Posts Tagged ‘Peter DeWitt’


Visible Learning

October 8, 2014

John Hattie’s Research

Screen Shot 2014-10-04 at 8.41.43 PMAlmost a year ago blogger Peter DeWitt wrote a post called Is Learning ‘Visible’ to Students?

In his post DeWitt references John Hattie’s research on ‘visible’ learning. Hattie is Professor of education and Director of Research at the University of Melbourne (Australia). Hattie has been criticized for his research which dives into what is and is not working in schools. Certainly a topic that, depending on your beliefs, most likely quickly puts you in favor or against the research.

Hattie’s research has over 1,000 meta-analysis which involved over a quarter billion students. That is certainly a lot of students but more importantly what is done with the information matters even more. I hear over and over what a challenge teaching has become because of the shifts in education. I look at proficiency-based education and know that in theory most educators believe that all students should graduate from our schools being proficient. Yes, challenging times but that is the nature of change as we transition in Maine to a proficiency-based high school graduation requirement.

I can’t help but think about Hattie’s research and how it supports the proficiency based requirement. Hattie defines visible learning as, “Making student learning visible to teachers, ensuring clear identification of the attributes that make a visible difference to student learning, and all in the school visibly knowing the impact that they have on the learning in the school.” There are many ways to know if students are learning but if it is visible to educators, won’t it also be recognizable to other stakeholders?

And, the shift comes when the students is in the center of their learning. Learning becomes active and not passive. And, this hits the nail on the head…

Hattie goes on to say that the visible aspect,

“Also refers to making teaching visible to the student, such that they learn to become their own teachers, which is the core attribute of lifelong learning or self-regulation, and of the love of learning that we so want students to value.” This doesn’t mean that students do not need their teachers. Quite the contrary…the relationship between student and teacher is highly important.

Reading the article through the proficiency based lens and student centered learning, might just give you some insight on the shift and how to adapt.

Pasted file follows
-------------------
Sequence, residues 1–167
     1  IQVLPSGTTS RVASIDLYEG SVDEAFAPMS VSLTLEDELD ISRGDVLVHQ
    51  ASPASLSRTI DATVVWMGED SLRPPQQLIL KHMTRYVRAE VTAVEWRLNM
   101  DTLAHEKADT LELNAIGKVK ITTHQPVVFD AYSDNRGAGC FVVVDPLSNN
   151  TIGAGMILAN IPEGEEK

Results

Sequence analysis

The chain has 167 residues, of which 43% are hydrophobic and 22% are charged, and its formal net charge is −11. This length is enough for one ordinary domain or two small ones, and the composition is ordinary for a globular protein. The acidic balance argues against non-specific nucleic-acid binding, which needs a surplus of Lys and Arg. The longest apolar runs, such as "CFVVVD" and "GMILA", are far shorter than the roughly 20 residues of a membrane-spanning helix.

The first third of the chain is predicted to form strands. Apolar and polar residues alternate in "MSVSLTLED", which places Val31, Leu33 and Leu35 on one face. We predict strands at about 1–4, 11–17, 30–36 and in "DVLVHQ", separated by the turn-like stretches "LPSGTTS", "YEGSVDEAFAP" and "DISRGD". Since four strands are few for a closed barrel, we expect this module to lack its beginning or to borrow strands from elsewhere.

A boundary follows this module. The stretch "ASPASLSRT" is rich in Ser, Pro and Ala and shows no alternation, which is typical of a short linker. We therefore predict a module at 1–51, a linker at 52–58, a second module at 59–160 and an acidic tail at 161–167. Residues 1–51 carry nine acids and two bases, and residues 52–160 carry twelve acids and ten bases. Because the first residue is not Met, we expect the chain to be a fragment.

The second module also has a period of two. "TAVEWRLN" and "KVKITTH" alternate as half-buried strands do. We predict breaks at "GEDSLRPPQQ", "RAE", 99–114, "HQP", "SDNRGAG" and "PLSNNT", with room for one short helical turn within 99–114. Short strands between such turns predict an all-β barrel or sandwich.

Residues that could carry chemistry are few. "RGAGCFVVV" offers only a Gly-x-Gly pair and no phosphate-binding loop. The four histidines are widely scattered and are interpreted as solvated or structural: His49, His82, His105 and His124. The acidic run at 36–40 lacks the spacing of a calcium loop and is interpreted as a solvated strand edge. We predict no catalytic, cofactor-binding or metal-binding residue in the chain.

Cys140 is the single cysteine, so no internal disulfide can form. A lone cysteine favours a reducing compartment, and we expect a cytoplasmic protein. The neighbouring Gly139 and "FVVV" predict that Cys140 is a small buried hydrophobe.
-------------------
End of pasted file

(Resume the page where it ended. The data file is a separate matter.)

Working Together

February 18, 2013

Finding Common Ground – Peter DeWitt’s blog

imagesNone of us is as smart as all of us. Many of you have heard me say this  Japanese proverb. My friend and colleague retired Maine Alliance for Arts Education Executive Director, Carol Trimble has this family saying We’re a Genius. When I came across this blog post titled Working Together, We Can Produce Genius I thought, I am going to like this blog post written by Robert Garmston and Valerie von Frank. And, I do and recommend it!

The authors point out that working in collaboration is not new. For example, even though Thomas Edison is credited with inventing the light bulb he did not work alone. He worked with several scientists who bounced ideas off each other and collaborated in a large open space. Hmmm… that sounds familiar.

They mention the “shift” happening in schools out of necessity, with teachers working together “combining efforts to work more strategically”. We know this is not a new concept either. But is it happening more in your schools than perhaps 5 or 10 years ago? And, are you involved in the team work?

I’ve noticed that we talk about collaborating in our work but do we know what that means, do we know how it looks? Does it matter who is collaborating? I have many questions about collaboration. If we try it once and it fails do we give up? How do we know which teachers should work together? What is the purpose of collaborating? Will it provide more and better opportunities for student learning and achievement?

The authors suggest these three topics to confront while planning.

  1. The group is (almost) always smarter than its members.
  2. The wisdom of the group can create better decisions.
  3. Who’s in the group matters.

I kept honey bees for several years and was amazed by their habits, behaviors, and how and what they produced. Each bee has their role and the sheer number of bees in a hive, about 30,000, all buzzing around playing their part! Talk about collaboration! I will never forget the first time I went into a bee hive. The bees clearly knew their part and who was supposed to be there. I was clearly a foreigner.

What can we learn from bees and other groups that function in a collaborative environment that have a positive impact on the world? What can we learn from teams who have creatively tackled new ideas and concepts and made a community a better place? Perhaps sharing the blog post Working Together We Can Produce Genius with a colleague or the staff at your school would be a good place to start (or continue) a discussion.

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